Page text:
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Big Food tripled spending this year to stifle growing GMO labeling movement











Tuesday, September 09, 2014 


by: J. D. Heyes












(NaturalNews) It is something that, as an American and a consumer, ought to outrage you: Big Food companies spending tens of millions of dollars just to keep information from you -- to prevent you from knowing all that there is to know about a substance, or substances, that could be harming your health, as well as the overall health of the American agricultural industry.




As Reuters reported recently, Big Food, which opposes mandatory labeling of anything manufactured with genetically modified organisms, spent nearly three times what they spent in all of last year in the first six months of this year to keep GMO-labeling laws from becoming reality (or attacking those that have already been put on the books, like Vermont's GMO-labeling law). That amounts to $27 million in the first half of 2014 -- all to keep you in the dark.




The anti-GMO-labeling effort is being echoed by an increasing number of "interested" parties, but it has been led primarily by the Grocery Manufacturers Association (GMA), which has spread millions of dollars around to "interested" parties (think lawmakers) to kill labeling bills.





The GMA has been joined by mega-corporations and mega-biotech firms like Coca-Cola Co. and PepsiCo Inc., as well as Monsanto and DuPont, all of which spent heavily "on GMO labeling-related lobbying, according to a report issued by the Environmental Working Group [EWG]," Reuters reported.




The EWG examined and analyzed disclosure forms from the lobbying activities of the anti-GMO-labeling groups and companies, in addition to other policies. Here is what Reutersreported, based on the EWG's findings:





Coca-Cola spent $4.8 million through the second quarter of this year; PepsiCo spent $2.34 million; DuPont spent $2.4 million, while Monsanto spent $1.08 million, according to the report.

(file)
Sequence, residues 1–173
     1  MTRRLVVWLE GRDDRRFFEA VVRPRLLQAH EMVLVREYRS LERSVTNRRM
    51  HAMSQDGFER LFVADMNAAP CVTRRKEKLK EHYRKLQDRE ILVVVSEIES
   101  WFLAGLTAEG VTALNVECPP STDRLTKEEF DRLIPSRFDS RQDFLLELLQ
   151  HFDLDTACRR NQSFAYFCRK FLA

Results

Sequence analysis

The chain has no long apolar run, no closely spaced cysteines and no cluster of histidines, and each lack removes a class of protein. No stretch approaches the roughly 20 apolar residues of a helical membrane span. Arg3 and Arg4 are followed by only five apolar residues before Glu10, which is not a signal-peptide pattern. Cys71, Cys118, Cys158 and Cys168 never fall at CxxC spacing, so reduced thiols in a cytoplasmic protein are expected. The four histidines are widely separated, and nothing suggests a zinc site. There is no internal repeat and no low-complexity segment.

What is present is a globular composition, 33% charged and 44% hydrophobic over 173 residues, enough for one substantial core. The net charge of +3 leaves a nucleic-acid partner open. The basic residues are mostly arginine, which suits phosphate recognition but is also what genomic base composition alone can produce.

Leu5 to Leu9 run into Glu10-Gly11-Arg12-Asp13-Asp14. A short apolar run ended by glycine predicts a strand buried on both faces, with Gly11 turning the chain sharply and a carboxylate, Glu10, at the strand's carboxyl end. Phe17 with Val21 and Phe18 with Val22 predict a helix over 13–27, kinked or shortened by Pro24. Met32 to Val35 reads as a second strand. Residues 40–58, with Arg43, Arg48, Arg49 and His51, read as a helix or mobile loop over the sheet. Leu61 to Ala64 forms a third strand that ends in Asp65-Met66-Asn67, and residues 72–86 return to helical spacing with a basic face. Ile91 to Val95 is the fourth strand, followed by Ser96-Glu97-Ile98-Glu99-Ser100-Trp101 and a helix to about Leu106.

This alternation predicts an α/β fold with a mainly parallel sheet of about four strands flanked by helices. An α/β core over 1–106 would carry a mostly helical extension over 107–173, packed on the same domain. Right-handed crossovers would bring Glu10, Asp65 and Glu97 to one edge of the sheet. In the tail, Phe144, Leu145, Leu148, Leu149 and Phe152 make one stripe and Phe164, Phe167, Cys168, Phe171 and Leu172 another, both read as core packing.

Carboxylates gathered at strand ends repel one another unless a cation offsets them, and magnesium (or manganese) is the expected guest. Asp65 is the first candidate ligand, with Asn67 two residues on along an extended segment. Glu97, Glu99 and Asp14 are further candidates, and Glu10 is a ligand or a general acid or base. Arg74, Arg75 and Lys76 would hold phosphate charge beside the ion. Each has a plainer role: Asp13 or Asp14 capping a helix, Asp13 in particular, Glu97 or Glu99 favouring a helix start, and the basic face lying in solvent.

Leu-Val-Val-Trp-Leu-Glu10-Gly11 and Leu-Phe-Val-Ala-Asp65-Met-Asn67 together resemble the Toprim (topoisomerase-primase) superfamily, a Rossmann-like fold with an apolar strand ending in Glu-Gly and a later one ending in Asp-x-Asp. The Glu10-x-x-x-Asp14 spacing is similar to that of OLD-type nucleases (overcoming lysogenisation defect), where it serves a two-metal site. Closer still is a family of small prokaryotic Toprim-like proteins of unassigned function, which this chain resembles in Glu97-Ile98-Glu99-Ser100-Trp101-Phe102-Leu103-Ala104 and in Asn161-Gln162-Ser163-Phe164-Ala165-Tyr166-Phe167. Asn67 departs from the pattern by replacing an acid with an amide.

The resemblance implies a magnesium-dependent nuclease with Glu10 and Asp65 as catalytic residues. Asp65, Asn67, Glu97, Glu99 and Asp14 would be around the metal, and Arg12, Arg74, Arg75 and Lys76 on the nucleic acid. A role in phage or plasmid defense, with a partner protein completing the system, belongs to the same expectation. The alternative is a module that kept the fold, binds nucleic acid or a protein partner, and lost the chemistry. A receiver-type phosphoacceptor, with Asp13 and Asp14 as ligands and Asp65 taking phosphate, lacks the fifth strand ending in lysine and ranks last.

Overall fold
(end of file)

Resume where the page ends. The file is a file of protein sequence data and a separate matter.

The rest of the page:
You should be upset that someone is trying to prevent you from knowing what's in the foods you eat



In all, opponents of GMO labeling reported more than $15.2 million in lobbying expenditures for the second quarter of this year, which brings the six-month lobbying expenditure total for all of this year to $27.5 million. That figure compares to $9.3 million disclosed in lobbying expenses by Big Food and Big Agri-biotech companies all of last year, the EWG -- a non-profit organization based in Washington, D.C. -- reported. The EWG supports GMO labeling.




What is more astonishing -- and pathetic -- is the disparity in spending between those trying to keep you uninformed and those groups who are trying to inform you. According to the EWG's analysis, supporters of GMO labeling reported just $1.9 million in lobbying expenditures for the first half of this year, a figure that is only slightly more than the $1.6 million spent in all of 2013.





No doubt, the rises in expenditures reflect the fact that a growing number of Americans, through their representatives (mostly on the state level) have begun pushing for the very same kinds of labeling laws for GMOs that is required of virtually every other ingredient in food.



But there is also interest on the federal level; anti-GMO-labeling forces have spent heavily to support a measure introduced by U.S. Rep. Mike Pompeo, R-Kansas. His measure, if passed and signed into law, would block states from passing their own legislation requiring GMO labeling.








'More independent research is needed'

As Natural News reported, in May, Vermont became the first state to pass a mandatory GMO-labeling measure that does not require any other trigger to become law. But an additional 20-plus states are considering similar legislation, and they include Oregon and Colorado, both of which have a GMO-labeling measure on the November ballot.



Consumer groups and pro-labeling lawmakers say that the jury is far from decided on the health and safety of GMOs, contrary to what anti-labeling forces have said, and as such, shoppers have a right to know what GMOs are and if they are in the foods that they are buying.





These groups also noted that accelerated pesticide use that is associated with GM crops, as well as pesticide residue on foods containing GMOs, are also health concerns. And just last year, a group of respected international scientists called for more independent research on GMOs.














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